CINCINNATI — Correction: An earlier version of this story misstated the group's name. The group is actually called the Anti-Racism Anti-Police Brutality Coalition. WCPO regrets the error.
A group of protesters gathered in Downtown Cincinnati following a decision in the Breonna Taylor case Wednesday evening.
About 100 people rallied outside the Hamilton County Courthouse after a grand jury convened to investigate the March 13 police killing of Taylor, a Louisville ER technician, and recommended charges against only one of the three officers involved, former Det. Brett Hankison.
He was indicted on three counts of wanton endangerment, not for shooting Taylor but for endangering the lives of her neighbors when he fired his gun into her apartment. Hankison was booked in the Shelby County Detention Center and was released after posting a $15,000 bond, according to WCPO media partner LEX18.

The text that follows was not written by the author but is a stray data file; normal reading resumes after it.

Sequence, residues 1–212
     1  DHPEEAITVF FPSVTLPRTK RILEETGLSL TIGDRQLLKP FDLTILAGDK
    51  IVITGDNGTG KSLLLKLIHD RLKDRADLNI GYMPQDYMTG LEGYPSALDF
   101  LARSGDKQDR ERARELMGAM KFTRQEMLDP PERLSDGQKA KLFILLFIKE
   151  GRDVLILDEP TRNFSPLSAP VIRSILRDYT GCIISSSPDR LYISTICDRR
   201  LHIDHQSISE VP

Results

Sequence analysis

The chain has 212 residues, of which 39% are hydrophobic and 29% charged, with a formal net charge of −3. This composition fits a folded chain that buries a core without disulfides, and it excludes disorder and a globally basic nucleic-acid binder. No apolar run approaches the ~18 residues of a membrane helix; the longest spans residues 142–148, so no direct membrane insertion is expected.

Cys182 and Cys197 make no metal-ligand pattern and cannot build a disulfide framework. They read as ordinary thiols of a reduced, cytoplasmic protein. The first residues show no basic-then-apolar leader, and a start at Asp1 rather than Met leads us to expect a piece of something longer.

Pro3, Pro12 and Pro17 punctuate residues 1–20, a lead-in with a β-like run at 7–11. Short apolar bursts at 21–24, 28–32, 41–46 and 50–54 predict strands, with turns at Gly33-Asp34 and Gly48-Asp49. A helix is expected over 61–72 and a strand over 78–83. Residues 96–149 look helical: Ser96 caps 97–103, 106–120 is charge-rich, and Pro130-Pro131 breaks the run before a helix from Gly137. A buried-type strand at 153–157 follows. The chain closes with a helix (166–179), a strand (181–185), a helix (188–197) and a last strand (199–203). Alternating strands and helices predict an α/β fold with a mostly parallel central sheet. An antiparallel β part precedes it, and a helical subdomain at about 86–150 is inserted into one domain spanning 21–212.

For community member Cory Brown, part of the Anti-Racism Anti-Police Brutality Coalition fighting against cases of police brutality, the Louisville case has far-reaching consequences.
“We’re out here because this is systemic,” Brown said. “This is not something that’s a blip on the radar. It continues to happen. It’s been happening for generations and it has to come to an end.”
As some medics for the group wielded assault rifles, no violent incidents took place as the group chanted down Vine Street Wednesday.
Protester Steven Walls said he and dozens of others came Downtown to show solidarity amid calls for racial justice.
“We know the way things are going right now. It’s not working. We should work to change something about it,” Walls said.
By 8 p.m., protesters in Downtown Cincinnati had dispersed after groups marched down Main Street near Court Street Wednesday.
“It does happen in every city. That’s where we’re coming from. That’s why we’re continuing organizing, and continuing what we do," Brown said.
Meanwhile, in Louisville, streets were filled with demonstrators, with some detained by police, according to Mayor Greg Fischer. The city is under a state of emergency and a 9 p.m. curfew as many downtown businesses were boarded up and police officers were called back from vacations.
Two police officers had been shot Wednesday evening in Louisville amid protests, Metro Police Chief Robert Schroeder confirmed.
The National Guard has been deployed in Louisville in a support role, according to Kentucky Gov. Andy Beshear.